Under Section 75 of the Consumer Credit Act 1974, the credit card company is jointly and severally liable for any breach of contract or misrepresentation by the retailer or trader.
You don't have to reach a stalemate with the retailer or trader before you can contact your credit card provider - you can make a claim to both the retailer and credit card provider simultaneously, although you can't recover your losses from both.
This right is particularly useful if the retailer or trader has gone bust, or it doesn't respond to your letters or phone calls.
Section 75 of the Consumer Credit Act also applies to foreign transactions as well as goods bought online, by telephone or mail order for delivery to the UK from overseas.
If you’re hoping to take out a substantial loan in the future - for example, to buy a house - you’ll need to establish a track record of using a credit card, which is measured by your . Paying by credit card and then clearing the debt in full will help build this up over time.
Credit cards can also help you manage your cash flow. Payment will be due more than a month after purchases were made, so you may be able to delay paying for big-ticket items. But you need to make sure you don’t spend more than you can afford to pay back.
While credit card companies allow you to make a minimum payment, your credit score will be damaged if you don’t pay off your balance in full each month. You’ll also end up paying interest on the balance, which will cost you more the longer you carry it.
If you have credit card debts, you’re less likely to be approved for loans - banks will take into account any outstanding debts when deciding how much to lend you.
Claim a refund from your card provider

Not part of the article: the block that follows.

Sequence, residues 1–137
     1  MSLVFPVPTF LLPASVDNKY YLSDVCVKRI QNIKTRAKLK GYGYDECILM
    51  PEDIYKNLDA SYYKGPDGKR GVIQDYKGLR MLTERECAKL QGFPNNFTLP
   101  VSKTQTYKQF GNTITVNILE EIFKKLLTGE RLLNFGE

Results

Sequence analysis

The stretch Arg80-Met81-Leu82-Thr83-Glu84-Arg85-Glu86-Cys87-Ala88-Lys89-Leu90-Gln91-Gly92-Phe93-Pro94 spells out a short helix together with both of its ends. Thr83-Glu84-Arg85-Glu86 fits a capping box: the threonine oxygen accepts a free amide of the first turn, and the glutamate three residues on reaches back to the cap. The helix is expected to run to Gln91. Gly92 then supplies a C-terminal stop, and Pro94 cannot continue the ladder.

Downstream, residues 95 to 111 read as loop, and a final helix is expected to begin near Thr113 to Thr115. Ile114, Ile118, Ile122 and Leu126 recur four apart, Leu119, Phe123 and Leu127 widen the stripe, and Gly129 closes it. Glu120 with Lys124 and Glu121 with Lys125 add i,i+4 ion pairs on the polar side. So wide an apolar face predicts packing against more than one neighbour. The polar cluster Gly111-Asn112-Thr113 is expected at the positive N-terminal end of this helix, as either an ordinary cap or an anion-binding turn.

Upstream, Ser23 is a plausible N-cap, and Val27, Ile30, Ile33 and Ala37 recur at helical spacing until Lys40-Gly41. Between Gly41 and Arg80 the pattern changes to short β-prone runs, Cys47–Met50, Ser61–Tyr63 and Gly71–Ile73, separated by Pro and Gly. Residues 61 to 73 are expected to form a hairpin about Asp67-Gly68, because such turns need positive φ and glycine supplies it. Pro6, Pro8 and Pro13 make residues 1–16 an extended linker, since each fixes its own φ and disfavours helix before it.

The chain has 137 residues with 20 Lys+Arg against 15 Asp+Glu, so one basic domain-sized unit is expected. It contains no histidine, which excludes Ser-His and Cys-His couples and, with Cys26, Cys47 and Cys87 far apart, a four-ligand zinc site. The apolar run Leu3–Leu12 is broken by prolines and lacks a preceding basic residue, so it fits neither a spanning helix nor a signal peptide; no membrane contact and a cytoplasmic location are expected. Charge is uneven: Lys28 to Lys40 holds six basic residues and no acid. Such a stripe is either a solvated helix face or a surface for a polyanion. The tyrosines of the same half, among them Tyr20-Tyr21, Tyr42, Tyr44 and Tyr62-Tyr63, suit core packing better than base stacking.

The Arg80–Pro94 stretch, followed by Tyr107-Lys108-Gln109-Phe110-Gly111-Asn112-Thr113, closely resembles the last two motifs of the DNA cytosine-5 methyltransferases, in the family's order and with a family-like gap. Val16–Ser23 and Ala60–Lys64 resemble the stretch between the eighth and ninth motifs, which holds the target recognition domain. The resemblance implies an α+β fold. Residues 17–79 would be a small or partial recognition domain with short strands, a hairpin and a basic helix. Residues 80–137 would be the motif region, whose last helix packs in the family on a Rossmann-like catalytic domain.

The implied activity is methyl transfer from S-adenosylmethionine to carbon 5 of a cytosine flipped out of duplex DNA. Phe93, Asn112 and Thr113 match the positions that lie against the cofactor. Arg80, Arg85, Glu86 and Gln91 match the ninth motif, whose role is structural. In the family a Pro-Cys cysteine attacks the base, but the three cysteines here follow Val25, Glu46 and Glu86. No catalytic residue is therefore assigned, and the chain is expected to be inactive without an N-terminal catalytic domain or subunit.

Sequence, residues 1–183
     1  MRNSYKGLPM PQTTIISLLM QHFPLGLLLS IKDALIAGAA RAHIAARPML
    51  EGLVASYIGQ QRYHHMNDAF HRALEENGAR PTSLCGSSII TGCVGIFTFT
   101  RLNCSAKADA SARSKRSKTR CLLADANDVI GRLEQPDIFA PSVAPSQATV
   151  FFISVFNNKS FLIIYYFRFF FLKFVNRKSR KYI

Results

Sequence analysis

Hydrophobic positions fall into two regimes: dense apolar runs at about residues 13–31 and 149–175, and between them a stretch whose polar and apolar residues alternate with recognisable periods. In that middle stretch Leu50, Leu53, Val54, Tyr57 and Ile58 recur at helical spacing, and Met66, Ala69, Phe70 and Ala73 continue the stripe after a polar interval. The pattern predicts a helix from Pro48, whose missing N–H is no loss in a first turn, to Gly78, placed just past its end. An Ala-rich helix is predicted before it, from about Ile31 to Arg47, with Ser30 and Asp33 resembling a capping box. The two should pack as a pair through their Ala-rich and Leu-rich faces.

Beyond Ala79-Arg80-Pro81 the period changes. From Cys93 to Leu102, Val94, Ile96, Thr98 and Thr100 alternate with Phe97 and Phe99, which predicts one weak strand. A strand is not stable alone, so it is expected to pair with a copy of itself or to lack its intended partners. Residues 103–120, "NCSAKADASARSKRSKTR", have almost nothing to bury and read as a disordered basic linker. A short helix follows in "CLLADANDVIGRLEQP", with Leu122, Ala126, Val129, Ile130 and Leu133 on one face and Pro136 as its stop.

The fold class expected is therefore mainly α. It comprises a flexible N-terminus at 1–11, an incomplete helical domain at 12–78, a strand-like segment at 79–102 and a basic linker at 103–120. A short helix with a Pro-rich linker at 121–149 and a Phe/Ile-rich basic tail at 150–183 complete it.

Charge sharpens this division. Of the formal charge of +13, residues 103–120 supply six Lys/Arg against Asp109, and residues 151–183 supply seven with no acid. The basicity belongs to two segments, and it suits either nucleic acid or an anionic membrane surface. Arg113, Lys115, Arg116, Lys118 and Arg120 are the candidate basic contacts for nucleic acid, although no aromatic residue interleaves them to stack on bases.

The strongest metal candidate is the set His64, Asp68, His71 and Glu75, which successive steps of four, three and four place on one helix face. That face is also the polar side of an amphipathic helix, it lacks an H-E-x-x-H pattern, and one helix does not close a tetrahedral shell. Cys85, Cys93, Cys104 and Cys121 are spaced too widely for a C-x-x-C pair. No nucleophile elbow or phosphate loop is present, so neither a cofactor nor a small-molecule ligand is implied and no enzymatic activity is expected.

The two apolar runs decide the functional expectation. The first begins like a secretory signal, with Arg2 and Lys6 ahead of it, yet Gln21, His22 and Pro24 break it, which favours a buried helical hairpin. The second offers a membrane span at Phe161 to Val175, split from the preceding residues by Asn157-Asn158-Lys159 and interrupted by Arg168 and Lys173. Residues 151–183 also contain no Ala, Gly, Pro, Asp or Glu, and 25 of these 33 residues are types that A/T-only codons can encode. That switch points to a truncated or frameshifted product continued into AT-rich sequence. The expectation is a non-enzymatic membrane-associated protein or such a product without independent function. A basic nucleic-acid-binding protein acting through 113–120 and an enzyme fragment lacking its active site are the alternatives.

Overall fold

If you bought something with your card and things went wrong, you could make a Section 75 or chargeback claim. Just answer a few questions to build your claim. We'll then email it to you so you can send it to your card provider.
What did you buy?Start my claim
There are some limitations to when a card company is liable along with the retailer or trader. The goods or service you bought must have cost over £100 and not more than £30,000.
Section 75 protection also requires your credit card provider and the seller of goods to be different parties. Section 75 will not apply if the lender is also the supplier.
However, to claim under Section 75 you don't have to have paid more than £100 or the full amount on your credit card – the card company is liable even if you made only part of the payment (a deposit, say) on your card.
It's the value of the goods you're buying that is key - not the amount paid on the card.
For example, if you ordered a new sofa from a furniture store and paid a £60 deposit with your credit card and the balance of £600 by cheque, you would be covered for the whole £660 if the dealer went out of business and you didn't get your sofa.
Section 75 gives you the same rights against the card company as you have against the retailer.
So if your claim against the trader is for the cost of fixing or repairing an item, this would be the claim you could bring under Section 75 against the card provider.
However, if you bought two items that together cost more than £100, but each cost less than £100, Section 75 would not apply and the card company wouldn't usually be liable.